All of this makes taking crime out of the analogue world and into the digital one an incredibly attractive prospect for entrepreneurial criminals but this move toward large scale cybercrime also has more positive repercussions as the cybersecurity industry in the UK continues to grow and grow, offering incredible incentives for qualified applicants.
It is estimated that the UK cybersecurity industry employs more than 50,000 people and is worth £8 billion. So how do you get a piece of that?
What Qualifications Do You Need?
It’s no secret that there is a global shortage of cybersecurity skills as the pace of advancing technology outstrips the ability of many organisations to keep on top of online threats. With this in mind there has never been a better time for Service-leavers to seek out the qualifications necessary for a career in IT security.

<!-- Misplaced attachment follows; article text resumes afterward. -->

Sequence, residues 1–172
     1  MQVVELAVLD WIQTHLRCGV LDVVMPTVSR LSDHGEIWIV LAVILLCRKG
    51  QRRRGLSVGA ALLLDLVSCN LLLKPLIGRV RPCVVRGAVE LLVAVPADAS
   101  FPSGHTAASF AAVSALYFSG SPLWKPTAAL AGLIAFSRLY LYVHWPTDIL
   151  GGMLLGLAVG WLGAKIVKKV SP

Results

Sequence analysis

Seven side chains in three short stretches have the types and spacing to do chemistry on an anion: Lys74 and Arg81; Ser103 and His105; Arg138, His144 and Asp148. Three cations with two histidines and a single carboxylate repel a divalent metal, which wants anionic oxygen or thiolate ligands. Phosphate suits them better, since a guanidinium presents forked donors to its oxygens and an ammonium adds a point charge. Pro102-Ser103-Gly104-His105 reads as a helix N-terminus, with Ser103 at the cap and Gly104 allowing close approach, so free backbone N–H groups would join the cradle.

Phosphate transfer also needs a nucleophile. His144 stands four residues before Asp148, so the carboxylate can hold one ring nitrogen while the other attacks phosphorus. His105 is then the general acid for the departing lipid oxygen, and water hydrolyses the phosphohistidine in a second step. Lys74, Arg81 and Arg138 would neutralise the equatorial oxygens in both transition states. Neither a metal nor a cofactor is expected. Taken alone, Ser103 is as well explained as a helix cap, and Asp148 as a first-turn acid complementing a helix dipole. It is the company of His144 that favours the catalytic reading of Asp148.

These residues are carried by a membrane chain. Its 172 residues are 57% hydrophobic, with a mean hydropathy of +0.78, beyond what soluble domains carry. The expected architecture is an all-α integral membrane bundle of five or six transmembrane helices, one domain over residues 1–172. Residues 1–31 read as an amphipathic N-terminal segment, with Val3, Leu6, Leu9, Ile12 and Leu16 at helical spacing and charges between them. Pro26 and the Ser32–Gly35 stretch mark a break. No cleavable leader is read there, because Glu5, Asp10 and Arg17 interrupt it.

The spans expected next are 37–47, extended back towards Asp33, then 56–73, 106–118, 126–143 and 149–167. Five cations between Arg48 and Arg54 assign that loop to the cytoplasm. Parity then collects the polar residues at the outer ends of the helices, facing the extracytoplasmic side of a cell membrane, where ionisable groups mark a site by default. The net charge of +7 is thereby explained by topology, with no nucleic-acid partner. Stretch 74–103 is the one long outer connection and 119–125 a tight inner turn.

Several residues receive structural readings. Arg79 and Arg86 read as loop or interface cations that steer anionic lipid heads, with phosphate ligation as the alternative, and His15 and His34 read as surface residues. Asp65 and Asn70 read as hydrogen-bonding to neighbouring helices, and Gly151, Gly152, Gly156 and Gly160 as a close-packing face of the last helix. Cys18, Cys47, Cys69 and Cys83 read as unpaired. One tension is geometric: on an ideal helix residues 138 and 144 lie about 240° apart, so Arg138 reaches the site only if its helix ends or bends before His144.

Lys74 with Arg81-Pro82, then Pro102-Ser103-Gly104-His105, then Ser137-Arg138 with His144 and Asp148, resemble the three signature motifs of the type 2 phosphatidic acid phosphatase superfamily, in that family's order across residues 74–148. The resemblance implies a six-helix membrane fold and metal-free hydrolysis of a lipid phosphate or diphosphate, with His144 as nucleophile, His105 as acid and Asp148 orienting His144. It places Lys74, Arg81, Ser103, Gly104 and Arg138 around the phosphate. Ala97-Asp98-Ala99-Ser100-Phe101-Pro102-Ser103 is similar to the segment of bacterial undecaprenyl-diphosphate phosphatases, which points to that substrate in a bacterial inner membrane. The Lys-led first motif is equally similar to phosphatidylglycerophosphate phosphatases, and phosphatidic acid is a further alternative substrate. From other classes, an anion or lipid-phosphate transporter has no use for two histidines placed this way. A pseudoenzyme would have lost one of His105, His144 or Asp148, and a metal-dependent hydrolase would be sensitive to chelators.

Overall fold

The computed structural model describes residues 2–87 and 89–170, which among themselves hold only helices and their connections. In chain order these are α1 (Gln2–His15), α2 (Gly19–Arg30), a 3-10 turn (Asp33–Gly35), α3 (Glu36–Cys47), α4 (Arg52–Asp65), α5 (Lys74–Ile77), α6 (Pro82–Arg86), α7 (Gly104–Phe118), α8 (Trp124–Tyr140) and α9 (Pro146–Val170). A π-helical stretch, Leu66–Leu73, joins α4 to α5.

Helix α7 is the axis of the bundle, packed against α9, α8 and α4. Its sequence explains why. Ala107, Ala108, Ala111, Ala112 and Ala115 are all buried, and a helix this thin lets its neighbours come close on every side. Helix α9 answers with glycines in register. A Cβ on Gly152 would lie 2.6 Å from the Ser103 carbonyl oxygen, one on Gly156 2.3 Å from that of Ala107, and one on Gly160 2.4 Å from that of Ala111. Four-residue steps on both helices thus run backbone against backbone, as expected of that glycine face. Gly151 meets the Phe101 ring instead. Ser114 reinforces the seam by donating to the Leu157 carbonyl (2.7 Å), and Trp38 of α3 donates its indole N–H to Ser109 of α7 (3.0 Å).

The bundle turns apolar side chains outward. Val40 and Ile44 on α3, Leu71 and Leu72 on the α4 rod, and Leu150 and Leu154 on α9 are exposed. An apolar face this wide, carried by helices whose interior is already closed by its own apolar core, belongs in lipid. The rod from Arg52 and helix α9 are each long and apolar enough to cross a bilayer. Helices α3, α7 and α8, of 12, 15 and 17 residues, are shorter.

Depending on your Military experience, the best approach would be to seek out a degree level course which will give you the requisite core skills in cybersecurity to make your way into the field but remember that many companies will require experience before taking on candidates, so be sure to take advantage of any and all workplace training either offered by the university or found on your own.
Once you’ve completed the course, you may wish to look into a further Masters qualification with some of these now being officially accredited by GCHQ to offer graduates a path into the workplace.
Top 10 Undergraduate (Computer Science)
- University of Cambridge
- University of Oxford
- Imperial College London
- University of St Andrews
- University of Bristol
- The University of Warwick
- Durham University